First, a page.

A recent study commissioned by the chamber found market capitalization in the telecom industry dropped from $1,135 billion in March 2000 to $375 billion in July 2004 -- a 67 percent decline. The industry also lost 380,500 jobs between March 2001 and May 2004, and has continued to lose jobs in the first quarter of 2005.
Analysts argue the leading cause of the industry's depressed economic condition has been what some in the industry view as out-of-date laws such as the Telecom Act of 1996, which aimed but failed to make the telecom industry more free-market oriented.
"Congress wanted market competition, but did not trust the free market enough to tell regulators to step aside and allow markets to function on their own," said Adam Thierer, a senior fellow at The Progress & Freedom Foundation in Washington who is involved in developing telecom-reform legislative proposals.
Thierer said the reluctance to remove regulations on the industry was due to fear the sky would fall on telecom companies and consumers.
"Legislators and regulators often conjure up an endless parade of horribles that they fear would befall this market if all operating restrictions, price controls, and other regulatory 'safeguards' were removed completely," Thierer said. "Policymakers appear fixated (on) fears of potential price hikes, possible job losses, temporary service outages, or other imagined calamities."
Opponents to the current telecommunications legislation also have argued that the law, passed nearly a decade ago, has become obsolete because of technological advances such as Internet telephony and video over broadband.
"The Telecom Act is almost 10 years old, which is an eternity in the high-tech world," said Thomas Donohue, the chamber's president and chief executive. "The out-of-date laws are stifling innovation and holding back forces that could revive the industry and create a boon for our economy."
Donohue added his organization wants "minimal government interference. We don't want the government to stand in the way of innovation and investment. We want to spur competition and we want to start creating growing jobs in this sector, which have been depleting tremendously in this sector over the last several years."
The chamber has recommended several reforms to the current legislation:
--phasing out mandatory network-sharing rules,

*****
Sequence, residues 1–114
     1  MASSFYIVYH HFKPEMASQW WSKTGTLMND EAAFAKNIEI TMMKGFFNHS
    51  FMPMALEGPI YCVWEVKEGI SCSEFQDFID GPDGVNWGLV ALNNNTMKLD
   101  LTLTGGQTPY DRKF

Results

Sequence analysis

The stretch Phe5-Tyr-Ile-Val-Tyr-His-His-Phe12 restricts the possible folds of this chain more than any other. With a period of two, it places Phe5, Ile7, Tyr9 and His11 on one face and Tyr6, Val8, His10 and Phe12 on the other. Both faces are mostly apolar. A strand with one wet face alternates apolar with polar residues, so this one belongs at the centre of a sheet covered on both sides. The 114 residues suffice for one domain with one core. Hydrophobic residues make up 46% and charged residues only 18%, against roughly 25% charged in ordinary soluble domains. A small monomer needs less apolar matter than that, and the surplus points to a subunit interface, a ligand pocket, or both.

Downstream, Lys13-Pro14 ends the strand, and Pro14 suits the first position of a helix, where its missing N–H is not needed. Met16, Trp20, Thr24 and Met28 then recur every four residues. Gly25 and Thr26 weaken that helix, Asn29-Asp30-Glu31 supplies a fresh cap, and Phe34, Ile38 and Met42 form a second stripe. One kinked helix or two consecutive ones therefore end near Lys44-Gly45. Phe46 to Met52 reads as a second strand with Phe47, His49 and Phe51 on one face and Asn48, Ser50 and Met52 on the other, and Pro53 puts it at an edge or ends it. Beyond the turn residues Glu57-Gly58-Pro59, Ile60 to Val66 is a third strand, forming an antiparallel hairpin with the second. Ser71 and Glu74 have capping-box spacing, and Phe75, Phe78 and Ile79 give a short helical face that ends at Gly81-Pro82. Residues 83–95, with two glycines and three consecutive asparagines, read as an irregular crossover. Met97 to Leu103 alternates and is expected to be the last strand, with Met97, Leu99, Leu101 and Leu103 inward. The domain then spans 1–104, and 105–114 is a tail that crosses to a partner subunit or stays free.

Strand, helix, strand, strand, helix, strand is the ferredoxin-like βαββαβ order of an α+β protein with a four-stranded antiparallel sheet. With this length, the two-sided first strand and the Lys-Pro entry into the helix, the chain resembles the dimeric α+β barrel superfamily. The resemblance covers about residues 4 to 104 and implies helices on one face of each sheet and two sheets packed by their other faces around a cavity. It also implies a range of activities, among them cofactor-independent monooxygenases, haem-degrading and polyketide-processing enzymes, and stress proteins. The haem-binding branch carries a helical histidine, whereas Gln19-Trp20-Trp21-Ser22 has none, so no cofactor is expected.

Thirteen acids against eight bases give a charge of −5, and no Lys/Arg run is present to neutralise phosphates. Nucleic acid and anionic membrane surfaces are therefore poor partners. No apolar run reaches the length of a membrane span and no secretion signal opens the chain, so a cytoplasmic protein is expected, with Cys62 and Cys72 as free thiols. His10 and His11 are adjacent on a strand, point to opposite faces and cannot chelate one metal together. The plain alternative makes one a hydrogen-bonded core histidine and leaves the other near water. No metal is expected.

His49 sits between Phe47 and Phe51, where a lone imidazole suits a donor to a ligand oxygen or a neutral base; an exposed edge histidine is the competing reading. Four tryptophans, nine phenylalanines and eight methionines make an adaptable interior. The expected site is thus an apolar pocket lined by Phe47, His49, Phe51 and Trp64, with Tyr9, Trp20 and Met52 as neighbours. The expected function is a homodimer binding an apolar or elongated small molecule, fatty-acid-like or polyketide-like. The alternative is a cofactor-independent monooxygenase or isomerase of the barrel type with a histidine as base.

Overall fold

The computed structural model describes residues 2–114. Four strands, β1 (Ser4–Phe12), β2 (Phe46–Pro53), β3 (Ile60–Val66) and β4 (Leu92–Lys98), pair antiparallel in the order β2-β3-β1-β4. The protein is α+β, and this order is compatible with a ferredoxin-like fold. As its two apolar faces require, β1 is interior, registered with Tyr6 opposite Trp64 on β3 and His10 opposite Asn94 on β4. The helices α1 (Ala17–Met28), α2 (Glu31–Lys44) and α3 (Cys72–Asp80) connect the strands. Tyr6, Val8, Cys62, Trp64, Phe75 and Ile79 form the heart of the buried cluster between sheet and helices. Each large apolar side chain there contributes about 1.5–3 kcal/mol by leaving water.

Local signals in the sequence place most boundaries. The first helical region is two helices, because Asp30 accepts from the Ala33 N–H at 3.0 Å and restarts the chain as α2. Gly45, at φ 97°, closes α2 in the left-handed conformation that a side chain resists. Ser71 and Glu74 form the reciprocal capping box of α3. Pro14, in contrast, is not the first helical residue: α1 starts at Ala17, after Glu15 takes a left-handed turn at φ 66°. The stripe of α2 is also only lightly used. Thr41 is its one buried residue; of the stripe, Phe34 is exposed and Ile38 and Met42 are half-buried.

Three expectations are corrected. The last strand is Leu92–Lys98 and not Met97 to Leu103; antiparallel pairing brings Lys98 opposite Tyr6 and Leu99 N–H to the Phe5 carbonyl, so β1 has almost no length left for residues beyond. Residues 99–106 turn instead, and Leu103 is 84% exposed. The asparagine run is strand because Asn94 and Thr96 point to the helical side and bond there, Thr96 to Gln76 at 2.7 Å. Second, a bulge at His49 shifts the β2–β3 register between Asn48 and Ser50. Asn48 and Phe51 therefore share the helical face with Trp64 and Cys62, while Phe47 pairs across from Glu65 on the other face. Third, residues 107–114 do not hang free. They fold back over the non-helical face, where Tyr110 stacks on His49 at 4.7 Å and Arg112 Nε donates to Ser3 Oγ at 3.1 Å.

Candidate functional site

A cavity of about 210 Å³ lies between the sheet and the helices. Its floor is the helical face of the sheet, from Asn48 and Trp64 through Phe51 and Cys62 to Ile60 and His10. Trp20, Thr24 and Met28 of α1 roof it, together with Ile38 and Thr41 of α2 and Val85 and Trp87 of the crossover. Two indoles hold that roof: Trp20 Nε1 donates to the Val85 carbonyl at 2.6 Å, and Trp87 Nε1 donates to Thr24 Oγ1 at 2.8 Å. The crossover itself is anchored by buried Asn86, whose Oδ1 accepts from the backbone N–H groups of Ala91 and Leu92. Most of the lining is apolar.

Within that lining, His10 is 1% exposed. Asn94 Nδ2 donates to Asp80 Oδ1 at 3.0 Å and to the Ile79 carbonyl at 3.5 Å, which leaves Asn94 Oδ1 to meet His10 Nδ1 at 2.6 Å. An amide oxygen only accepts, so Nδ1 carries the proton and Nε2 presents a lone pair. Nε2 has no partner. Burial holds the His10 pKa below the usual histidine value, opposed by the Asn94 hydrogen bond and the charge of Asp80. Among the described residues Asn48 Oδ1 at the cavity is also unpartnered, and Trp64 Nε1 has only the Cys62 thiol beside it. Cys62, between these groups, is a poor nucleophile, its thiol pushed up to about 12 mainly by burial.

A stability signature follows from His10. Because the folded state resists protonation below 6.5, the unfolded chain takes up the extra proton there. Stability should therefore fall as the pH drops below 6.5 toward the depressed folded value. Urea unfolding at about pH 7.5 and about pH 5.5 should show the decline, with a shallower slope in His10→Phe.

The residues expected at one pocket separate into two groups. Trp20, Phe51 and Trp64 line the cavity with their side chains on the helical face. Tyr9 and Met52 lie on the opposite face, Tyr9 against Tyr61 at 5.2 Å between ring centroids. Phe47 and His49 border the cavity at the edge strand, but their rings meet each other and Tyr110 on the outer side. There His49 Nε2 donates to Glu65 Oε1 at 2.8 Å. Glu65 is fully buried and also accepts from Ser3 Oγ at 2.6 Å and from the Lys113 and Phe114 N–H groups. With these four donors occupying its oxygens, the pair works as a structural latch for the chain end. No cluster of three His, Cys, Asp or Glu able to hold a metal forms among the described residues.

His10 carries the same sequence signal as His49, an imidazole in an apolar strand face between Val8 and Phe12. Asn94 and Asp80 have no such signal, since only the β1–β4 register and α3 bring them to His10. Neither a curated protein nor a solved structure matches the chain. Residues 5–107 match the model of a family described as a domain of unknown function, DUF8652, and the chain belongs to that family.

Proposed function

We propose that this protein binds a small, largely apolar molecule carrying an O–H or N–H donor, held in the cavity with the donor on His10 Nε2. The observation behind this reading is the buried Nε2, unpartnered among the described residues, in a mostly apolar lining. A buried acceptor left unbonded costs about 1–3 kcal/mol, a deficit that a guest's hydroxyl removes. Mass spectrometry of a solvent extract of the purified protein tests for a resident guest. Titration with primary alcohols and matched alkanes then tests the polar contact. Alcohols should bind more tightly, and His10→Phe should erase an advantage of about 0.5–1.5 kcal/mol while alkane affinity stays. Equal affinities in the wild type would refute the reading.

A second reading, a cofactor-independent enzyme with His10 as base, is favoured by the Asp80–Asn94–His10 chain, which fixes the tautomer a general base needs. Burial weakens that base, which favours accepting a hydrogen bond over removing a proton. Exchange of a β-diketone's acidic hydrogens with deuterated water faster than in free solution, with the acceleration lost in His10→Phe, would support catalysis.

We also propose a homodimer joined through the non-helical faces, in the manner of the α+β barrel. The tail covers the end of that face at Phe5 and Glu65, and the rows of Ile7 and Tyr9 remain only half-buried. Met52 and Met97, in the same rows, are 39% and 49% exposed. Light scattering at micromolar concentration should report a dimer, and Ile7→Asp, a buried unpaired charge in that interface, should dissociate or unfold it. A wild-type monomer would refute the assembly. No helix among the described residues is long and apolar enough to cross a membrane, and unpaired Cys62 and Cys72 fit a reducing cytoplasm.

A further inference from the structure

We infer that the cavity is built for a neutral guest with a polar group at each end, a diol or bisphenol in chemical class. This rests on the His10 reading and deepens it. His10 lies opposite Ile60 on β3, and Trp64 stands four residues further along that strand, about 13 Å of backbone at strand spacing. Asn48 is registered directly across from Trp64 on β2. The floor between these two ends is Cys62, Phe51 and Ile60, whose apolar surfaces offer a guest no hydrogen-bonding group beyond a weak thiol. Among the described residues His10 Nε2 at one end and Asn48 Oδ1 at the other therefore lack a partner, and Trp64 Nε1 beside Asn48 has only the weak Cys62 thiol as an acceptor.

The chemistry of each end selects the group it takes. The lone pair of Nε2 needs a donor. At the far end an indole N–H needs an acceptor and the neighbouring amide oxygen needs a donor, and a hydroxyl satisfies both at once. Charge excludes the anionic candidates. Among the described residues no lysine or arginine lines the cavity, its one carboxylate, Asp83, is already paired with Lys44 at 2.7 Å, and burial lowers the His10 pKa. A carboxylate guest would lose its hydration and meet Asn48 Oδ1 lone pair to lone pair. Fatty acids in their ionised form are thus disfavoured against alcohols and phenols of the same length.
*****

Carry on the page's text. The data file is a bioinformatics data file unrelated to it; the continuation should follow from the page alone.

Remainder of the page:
--an end to regulated wholesale rates,
--allowing wireless providers access to the 438 megaHertz prime radio spectrum to enhance broadband-wireless services, and
--imposing the same regulations on high-speed cable modems and digital-subscriber lines.
Another suggested change would reform the universal service funds -- which help pay for telecom services in rural areas -- to pay for a larger range of services such as broadband.
Jason Goldman, director of technology policy at the chamber, explained that such reforms would return power to the companies by recognizing changes in the technology market, while also providing consumer protection.
One of the suggested reforms -- phasing out mandatory network-sharing rules -- would allow companies interested in offering a service in a local market to do so through contracts and negotiations, rather than through government-imposed pricing.
Under the current law, the three major competitors -- Verizon, SBC Communications and BellSouth -- are mandated to open up their networks to competitors, which ends up discouraging other telecom companies from either upgrading their own networks or investing in their own facilities, Goldman said.
Yet another proposed reform would impose the same regulations on the DSLs provided by phone companies that govern high-speed cable modems. Until now, the federal government has made a distinction between the two services, both of which now offer high-speed Internet.
"These rules were developed at a time when cable companies weren't competing with phone companies, and now that they are competing they should be subjected to the same rules," Goldman said.
The sponsor of the current legislation, Rep. Joe Barton, R-Texas, who is chairman of the House Energy, Commerce & Transportation Committee, attended a news briefing Tuesday in a show of support for the proposed reforms.
"There have been a number of dramatic changes in the market place," Barton's spokesman, Kevin Schweers, told United Press International. "We need to adopt new rules for this emerging technology."
Schweers said Barton aims to propose the legislation by late spring or early summer, with the goal of passing it in the House before the August recess.
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